A Hain in the neck

As Peter Hain's agony continues, bloggers scramble to uncover further political funding scandals

Following a proud week for the NS, as Derek Pasquill was cleared of breaching the Official Secrets Act, messages of congratulations were posted at Harry’s Place. But the case leads Spyblog to query: “What other politically embarrassing revelations are [the government] keeping secret from the British public?”

While, Obsolete believes the case highlights the injustice of last year’s leaked al-Jazeera memo trial.

In case you’ve missed Peter Hain’s week from Hell, Mark Pack supplies an overview.

Alex Hilton at Labourhome makes a case for the Labour Party to learn from the funding scandals and puts forward a list of eight suggestions for the party to adopt if it is to avoid getting into similar scrapes.

Guido Fawkes suggests the blame goes right to the top. Having received donations totalling £215,705, Gordon Brown must - under Labour Party rules - pay 15% (or £32,335) into central party funds. This he hasn’t yet done, according to the Electoral Commission. Fawkes states this is why Brown has offered his support to Hain, Harriet Harman and Wendy Alexander.

The accusations against Brown mounted. Dizzy Thinks believes he has stumbled upon another failure on Brown’s part to reveal non-cash donations to the Electoral Commission for a website registration and domain name. All of which is angrily refuted by Chris Paul.

As reports emerged of a potential Tory funding scandal, Kerron Cross is quick to drew comparisons between the two parties, for which he is criticised by posters on his own blog.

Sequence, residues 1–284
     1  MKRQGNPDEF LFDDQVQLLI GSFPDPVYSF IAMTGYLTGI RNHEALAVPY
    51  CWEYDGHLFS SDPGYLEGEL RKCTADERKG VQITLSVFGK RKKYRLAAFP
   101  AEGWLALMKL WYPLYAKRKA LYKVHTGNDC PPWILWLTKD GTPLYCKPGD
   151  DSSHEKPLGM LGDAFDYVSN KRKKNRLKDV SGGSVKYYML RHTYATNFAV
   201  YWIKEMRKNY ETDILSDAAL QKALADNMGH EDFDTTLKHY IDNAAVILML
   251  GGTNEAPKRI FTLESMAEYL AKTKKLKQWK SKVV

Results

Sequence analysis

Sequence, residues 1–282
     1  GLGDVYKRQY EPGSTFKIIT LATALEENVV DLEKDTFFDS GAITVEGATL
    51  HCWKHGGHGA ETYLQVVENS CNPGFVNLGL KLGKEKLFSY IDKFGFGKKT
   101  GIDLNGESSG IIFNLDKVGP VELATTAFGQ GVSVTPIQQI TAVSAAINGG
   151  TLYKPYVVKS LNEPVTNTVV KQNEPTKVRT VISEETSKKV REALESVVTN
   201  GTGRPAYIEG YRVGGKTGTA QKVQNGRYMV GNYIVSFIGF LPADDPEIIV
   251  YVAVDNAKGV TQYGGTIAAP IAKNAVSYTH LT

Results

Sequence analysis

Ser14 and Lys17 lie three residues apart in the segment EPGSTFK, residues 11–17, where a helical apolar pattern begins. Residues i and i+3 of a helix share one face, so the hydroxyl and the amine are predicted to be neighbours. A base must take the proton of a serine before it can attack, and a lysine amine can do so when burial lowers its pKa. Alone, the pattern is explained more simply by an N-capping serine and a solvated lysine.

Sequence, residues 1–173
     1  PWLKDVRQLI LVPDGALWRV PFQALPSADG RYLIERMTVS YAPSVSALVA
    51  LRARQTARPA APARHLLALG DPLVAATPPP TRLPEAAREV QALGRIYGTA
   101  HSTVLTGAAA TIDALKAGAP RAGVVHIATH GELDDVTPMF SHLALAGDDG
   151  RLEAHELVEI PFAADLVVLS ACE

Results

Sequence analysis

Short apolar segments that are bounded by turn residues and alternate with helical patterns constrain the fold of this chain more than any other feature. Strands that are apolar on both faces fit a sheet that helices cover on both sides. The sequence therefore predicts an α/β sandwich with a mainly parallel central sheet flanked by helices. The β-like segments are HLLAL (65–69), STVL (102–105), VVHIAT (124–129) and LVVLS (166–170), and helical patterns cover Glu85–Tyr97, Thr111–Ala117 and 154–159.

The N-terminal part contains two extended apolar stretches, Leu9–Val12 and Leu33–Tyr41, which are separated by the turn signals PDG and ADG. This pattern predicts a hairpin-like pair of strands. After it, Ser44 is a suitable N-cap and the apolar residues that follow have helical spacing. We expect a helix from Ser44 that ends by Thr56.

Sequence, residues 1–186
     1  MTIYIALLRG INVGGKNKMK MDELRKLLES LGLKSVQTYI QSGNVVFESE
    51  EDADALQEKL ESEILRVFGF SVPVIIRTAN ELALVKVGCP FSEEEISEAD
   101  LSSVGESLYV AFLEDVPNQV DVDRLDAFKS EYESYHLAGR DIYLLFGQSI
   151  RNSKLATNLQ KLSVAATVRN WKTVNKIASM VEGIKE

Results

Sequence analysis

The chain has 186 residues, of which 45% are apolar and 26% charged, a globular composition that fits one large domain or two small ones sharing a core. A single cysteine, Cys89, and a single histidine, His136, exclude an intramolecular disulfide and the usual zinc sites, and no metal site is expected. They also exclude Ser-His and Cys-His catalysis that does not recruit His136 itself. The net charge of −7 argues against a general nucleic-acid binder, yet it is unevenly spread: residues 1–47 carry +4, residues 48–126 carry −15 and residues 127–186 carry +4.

Anthony Wells at UK Polling Report chronicles the past month in the polls, which makes depressing reading for Labour.

Meanwhile, Hain’s opposite number, Chris Grayling, has been receiving praise from unexpected quarters. Paul Walter at Liberal Burbling notes: “Grayling is the only Conservative politician who does not send me into a rage-fuelled high blood pressure crisis. I actually feel the man might actually be talking some sense and that he's not just saying what he says because he thinks he ought to.

"And of course, he is a member of the organisation of which I am the proud Life Patron - the BOGS (Bald Old Gits' Society).”

Owen Walker is a journalist for a number of titles within Financial Times Business, primarily focussing on pensions. He recently graduated from Cardiff University’s newspaper journalism post-graduate course and is cursed by a passion for Crystal Palace FC.
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Tony Blair won't endorse the Labour leader - Jeremy Corbyn's fans are celebrating

The thrice-elected Prime Minister is no fan of the new Labour leader. 

Labour heavyweights usually support each other - at least in public. But the former Prime Minister Tony Blair couldn't bring himself to do so when asked on Sky News.

He dodged the question of whether the current Labour leader was the best person to lead the country, instead urging voters not to give Theresa May a "blank cheque". 

If this seems shocking, it's worth remembering that Corbyn refused to say whether he would pick "Trotskyism or Blairism" during the Labour leadership campaign. Corbyn was after all behind the Stop the War Coalition, which opposed Blair's decision to join the invasion of Iraq. 

For some Corbyn supporters, it seems that there couldn't be a greater boon than the thrice-elected PM witholding his endorsement in a critical general election. 

Julia Rampen is the digital news editor of the New Statesman (previously editor of The Staggers, The New Statesman's online rolling politics blog). She has also been deputy editor at Mirror Money Online and has worked as a financial journalist for several trade magazines. 

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